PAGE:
Finding of whirling disease parasite in Provo River and Midway Hatchery
Fish Pathologists at the DWR Fisheries Experiment Station have reported the discovery of the whirling disease parasite in fish from the Provo River, as far down as the city of Orem. Rainbow trout at Deer Creek and Jordanelle Reservoirs have tested positive. Fish at both locations were lightly infected and no physical deformities or other clinical signs of disease have been seen. Investigators have sampled these waters and tested for whirling disease spores periodically since 1996. This first confirmed positive detection was in fish collected in the winter of 1999. A presumptive diagnosis was made in fish directly above Jordanelle Reservoir at the junction with the Weber-Provo Canal in 1997. The Provo River has been considered at high risk due to its connection with the Weber River drainage which has been contaminated for several years. Investigators feel the infection is a fairly recent downstream movement of the parasite. In August 2000, infected brown trout were detected in Snake Creek, a small tributary to the Provo River near Midway.
Since the presumptive identification of the whirling disease parasite in the Provo drainage as early as 1997, DWR was concerned about the potential threat to Midway hatchery. Several factors combined to make the hatchery particularly vulnerable such as its proximity to contaminated waterways, dirt raceways at the low end, presence of large numbers of avian predators, human trespass and possible introduction of wild fish. A scoping meeting took place at the hatchery in 1998 to identify the threats as well as short term and long term solutions. Although some measures were identified to reduce bird predation, the analysis was that there were no cheap or easy fixes to safeguard the hatchery. DWR hoped that Jordanelle reservoir would slow the downstream movement of the parasite to allow for funding sources and security plans to be implemented. Conventional testing for the parasite was increased to a semi-annual basis, using fish from the lowest part of the dirt systems at the locations deemed most vulnerable.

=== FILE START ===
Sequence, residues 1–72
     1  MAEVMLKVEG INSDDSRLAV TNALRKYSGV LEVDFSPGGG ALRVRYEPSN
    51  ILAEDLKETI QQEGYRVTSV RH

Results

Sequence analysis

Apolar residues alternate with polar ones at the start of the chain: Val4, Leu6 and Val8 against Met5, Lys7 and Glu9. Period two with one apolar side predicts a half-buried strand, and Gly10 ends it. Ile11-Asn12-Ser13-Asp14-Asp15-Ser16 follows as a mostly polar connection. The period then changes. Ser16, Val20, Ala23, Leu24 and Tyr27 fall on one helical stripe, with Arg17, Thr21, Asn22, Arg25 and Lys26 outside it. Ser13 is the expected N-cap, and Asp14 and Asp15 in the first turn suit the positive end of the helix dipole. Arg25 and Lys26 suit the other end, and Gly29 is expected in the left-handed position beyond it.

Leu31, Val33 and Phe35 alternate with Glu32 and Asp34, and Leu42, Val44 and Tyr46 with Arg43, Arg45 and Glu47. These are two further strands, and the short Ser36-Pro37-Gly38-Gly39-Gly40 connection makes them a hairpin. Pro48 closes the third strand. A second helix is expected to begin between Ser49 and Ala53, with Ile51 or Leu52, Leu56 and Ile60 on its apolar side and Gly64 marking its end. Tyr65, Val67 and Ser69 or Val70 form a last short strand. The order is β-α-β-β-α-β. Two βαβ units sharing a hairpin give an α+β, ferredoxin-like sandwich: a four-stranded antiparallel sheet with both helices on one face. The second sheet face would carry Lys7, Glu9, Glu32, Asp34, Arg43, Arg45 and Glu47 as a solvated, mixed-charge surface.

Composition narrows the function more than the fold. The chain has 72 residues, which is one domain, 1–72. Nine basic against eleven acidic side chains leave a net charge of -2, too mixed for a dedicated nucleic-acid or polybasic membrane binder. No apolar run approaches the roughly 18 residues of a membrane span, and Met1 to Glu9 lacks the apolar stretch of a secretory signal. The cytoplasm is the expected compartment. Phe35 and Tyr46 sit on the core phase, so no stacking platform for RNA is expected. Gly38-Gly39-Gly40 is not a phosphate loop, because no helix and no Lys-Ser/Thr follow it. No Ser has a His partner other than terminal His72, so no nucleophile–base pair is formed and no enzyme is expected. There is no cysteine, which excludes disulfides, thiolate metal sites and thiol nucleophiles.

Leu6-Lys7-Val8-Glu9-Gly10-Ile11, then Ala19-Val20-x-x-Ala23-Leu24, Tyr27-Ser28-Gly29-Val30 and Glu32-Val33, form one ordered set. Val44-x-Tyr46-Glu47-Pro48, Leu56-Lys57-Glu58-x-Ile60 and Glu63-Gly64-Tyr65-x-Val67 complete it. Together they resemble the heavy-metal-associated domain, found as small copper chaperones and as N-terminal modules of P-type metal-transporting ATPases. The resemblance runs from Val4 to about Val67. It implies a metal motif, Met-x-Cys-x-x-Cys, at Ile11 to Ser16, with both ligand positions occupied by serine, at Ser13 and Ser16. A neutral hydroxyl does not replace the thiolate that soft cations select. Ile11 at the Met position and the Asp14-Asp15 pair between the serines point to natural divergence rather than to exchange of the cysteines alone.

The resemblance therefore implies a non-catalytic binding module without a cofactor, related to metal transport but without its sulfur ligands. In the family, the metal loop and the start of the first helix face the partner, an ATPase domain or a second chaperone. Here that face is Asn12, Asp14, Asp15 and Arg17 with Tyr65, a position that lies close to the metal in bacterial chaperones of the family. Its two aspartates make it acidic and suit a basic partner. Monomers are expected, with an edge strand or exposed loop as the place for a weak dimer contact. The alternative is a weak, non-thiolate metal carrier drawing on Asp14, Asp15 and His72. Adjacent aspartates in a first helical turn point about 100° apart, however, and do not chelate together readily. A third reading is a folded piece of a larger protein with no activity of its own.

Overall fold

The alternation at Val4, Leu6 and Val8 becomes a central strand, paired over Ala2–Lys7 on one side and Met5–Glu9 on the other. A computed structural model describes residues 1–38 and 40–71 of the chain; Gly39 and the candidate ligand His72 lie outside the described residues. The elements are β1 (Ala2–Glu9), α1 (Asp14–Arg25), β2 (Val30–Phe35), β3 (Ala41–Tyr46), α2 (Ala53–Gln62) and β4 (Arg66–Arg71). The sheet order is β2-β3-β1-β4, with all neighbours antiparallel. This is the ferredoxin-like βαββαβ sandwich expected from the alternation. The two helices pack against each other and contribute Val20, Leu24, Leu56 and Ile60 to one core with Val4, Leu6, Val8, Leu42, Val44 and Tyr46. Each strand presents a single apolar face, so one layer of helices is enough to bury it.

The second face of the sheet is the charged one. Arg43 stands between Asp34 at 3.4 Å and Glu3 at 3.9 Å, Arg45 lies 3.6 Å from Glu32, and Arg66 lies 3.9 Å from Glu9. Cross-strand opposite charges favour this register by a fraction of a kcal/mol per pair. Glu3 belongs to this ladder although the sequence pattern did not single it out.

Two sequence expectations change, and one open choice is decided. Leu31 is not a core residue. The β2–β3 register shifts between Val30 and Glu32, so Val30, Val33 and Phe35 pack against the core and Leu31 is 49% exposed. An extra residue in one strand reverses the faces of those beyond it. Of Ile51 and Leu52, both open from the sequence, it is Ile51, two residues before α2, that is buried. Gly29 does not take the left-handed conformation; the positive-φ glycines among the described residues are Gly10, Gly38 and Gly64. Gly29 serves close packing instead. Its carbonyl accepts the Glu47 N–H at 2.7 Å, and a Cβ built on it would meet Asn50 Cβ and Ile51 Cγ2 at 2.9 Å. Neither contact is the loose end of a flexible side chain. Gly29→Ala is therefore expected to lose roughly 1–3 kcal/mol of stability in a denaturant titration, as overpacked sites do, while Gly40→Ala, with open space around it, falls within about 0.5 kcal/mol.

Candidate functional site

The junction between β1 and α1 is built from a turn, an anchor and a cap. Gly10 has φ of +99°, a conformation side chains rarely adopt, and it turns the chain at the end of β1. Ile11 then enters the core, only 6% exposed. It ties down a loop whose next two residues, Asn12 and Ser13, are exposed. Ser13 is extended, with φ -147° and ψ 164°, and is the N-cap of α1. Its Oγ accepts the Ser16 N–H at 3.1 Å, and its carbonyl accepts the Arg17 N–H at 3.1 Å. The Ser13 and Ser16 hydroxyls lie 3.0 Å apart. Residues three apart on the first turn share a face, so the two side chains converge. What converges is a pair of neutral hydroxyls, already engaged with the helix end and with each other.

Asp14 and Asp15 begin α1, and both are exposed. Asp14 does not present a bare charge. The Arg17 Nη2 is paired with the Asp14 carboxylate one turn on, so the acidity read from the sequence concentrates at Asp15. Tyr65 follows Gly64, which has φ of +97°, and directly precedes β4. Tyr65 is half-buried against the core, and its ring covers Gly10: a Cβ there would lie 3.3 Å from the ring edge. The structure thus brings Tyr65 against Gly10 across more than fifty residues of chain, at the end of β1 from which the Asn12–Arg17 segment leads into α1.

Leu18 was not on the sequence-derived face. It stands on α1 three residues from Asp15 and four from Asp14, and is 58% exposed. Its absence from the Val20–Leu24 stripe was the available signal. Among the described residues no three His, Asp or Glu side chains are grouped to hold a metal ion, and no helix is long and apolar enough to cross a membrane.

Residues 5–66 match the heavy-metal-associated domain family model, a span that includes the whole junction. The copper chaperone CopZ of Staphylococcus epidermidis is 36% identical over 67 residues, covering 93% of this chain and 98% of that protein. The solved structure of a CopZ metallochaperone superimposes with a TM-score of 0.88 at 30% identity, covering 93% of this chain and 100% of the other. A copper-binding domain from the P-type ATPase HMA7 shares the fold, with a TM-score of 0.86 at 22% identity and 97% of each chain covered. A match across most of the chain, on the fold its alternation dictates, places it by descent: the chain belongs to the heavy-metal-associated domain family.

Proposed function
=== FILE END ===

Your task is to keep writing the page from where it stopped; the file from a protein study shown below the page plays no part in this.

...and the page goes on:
The discovery of the parasite in Jordanelle and Deer Creek reservoirs in February 2000 raised concerns even higher. After careful consideration, the response team decided to proceed with testing of Midway hatchery with both the conventional (pepsin-trypsin digest) method as well as an innovative molecular biology technique known as polymerase chain reaction (PCR) testing. While the use of this latter method was considered risky and it is not a Fish Health Section Blue Book standard method, we felt it was prudent because of the potential impact of stocking out undetectable carriers. No fish were scheduled for stocking out of Midway until May 2000, so there was a de facto quarantine of the facility.
On March 3, 60 fish were sampled for the digest testing and an additional 60 fish were sampled for PCR testing. PCR testing was performed by Pisces Molecular lab in Boulder Colorado. Thirty fish came from the upper concrete system and 30 from Pond 4 at the lowest portion of the dirt systems. All fish tested negative for the presence of myxospores, but 1/30 tested weakly positive from Pond 4 by the PCR method. Repeat testing a month later showed increasing numbers of positive fish in the lower dirt raceways. These results were brought before the Utah Fish Health Policy Board, which voted to stock the negative fish into Jordanelle and Deer Creek Reservoirs and to destroy all those fish from the lots in the dirt raceways which tested positive.
Longer-term plans are being derived to disinfect and secure the concrete raceways with bird covers and fencing in order to maintain production. Springs which supply the hatchery with water are being tested with sentinel fish and dye studies to make sure they are still safe and free of the parasite. Existing dirt raceways were drained and have been kept fish free. Stocking in many Utah streams was reduce for the year 2000.
Subsequent testing in the fall of 2000 has indicated that contaminated Provo River water may be mixing with the hatchery spring water at underground locations and allowing the whirling disease parasite to enter the water supply. Test wells are being drilled to see if deeper, uncontaminated water supplies can be found.
Outlook for fishing
There is no effective treatment for infected fish. Researchers are focusing much effort on finding ways to manage tiny tubifex worms, the intermediate host for the parasite, that are found on the bottom of most streams and reservoirs . The Division of Wildlife Resources has formed a response team to oversee further investigations to determine the extent and spread of the parasite and its impact of the sport fishery.
Biologists stress that fishing on Deer Creek and Jordanelle Reservoirs and on the Provo River system should remain good for the foreseeable future. Rainbow trout are stocked into both reservoirs at a large size that makes them less susceptible to whirling disease. Wild brown trout in the river are more resistant to the infection than rainbow and cutthroat trout. Anglers are urged to clean their waders and gear after fishing in the river and properly dispose of the remains of any harvested fish by placing them in garbage cans or complete burning. Whirling disease does not infect humans and fish can be safely consumed.
For more information, contact Don Wiley, regional aquatics manager at (801) 489-5678 or Dr. Chris Wilson at the Fisheries Experiment Station at (435) 752-1066 ext. 21.